A Better Life for Their Children:

Photographs and Stories by Andrew Feiler

On Display
Exhibition Type
Limited Time Display
Time Period
1877 to 1924
1925 to Today
Art & Architecture
Black History
Two people hold an ornately frame painted portrait of two people in early 1900s dress
Elroy & Sophia Williams – Sophia Williams’s Grandparents, Former Slaves, Acquired and Donated Land for a Rosenwald School. Photo by Andrew Feiler. 

Admission: Included with Museum Daily Admission

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Julius Rosenwald and Booker T. Washington forged one of the earliest collaborations between Jews and African Americans to create schools throughout the nation for Black children who had no access to publicly funded education. From 1912 to 1937, the Rosenwald schools program built 5,357 schools, shops, and teacher’s homes across fifteen Southern and border states. For the first comprehensive photographic account of the Rosenwald Schools program, Andrew Feiler drove more than 25,000 miles and photographed 105 schools in all fifteen of the program states. The exhibition features twenty-three photographs of interiors and exteriors, schools restored and yet-to-be restored, and portraits of people with compelling connections to these schools.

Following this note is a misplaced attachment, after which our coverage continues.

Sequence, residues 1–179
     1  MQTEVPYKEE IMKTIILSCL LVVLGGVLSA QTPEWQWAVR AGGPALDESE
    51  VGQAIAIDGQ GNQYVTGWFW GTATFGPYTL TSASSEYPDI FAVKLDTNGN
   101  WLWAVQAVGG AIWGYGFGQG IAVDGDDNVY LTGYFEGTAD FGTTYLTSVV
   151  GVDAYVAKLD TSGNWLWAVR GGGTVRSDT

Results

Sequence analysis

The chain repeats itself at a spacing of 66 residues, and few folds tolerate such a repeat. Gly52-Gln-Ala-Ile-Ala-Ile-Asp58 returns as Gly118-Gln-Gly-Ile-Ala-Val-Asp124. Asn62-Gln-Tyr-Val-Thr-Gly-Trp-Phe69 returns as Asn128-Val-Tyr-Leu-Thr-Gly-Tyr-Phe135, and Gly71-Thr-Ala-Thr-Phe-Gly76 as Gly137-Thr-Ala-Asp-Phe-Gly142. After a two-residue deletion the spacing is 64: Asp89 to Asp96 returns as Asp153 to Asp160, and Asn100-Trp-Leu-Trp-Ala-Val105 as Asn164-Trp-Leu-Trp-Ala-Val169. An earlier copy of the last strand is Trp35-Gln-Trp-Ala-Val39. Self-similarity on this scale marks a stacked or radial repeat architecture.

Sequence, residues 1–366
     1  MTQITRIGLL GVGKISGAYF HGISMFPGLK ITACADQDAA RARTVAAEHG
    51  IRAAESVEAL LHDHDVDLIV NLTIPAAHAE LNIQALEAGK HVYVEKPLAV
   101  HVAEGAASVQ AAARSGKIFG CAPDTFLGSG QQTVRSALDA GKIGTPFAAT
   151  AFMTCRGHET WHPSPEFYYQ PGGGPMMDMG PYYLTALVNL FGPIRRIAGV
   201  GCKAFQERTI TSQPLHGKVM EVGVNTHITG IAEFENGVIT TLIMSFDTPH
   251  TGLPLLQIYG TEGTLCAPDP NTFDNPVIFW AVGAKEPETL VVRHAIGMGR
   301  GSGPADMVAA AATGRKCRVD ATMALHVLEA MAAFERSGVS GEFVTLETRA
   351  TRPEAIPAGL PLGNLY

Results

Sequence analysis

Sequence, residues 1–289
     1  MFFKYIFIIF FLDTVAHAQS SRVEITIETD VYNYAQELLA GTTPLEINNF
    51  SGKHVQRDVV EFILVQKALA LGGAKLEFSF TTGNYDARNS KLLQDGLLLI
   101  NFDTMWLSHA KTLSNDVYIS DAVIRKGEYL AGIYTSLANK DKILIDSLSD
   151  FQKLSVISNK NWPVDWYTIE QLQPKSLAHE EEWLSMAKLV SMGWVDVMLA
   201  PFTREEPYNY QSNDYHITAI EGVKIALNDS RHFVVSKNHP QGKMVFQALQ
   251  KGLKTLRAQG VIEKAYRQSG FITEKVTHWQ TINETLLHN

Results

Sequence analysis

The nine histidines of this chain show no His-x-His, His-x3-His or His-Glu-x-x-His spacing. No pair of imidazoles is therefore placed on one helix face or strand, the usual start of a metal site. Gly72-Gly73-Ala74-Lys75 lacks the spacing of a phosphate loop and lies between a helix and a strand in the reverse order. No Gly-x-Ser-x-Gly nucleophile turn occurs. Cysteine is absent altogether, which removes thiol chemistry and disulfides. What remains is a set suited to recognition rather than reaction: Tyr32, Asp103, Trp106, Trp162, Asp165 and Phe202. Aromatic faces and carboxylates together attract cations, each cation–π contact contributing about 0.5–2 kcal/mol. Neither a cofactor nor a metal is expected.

The exhibition is derived from Feiler’s book, A Better Life for Their Children: Julius Rosenwald, Booker T. Washington, and the 4,978 Schools That Changed America, which includes eighty-five duotone images and an introduction by the late Congressman John Lewis, who attended a Rosenwald school in Alabama.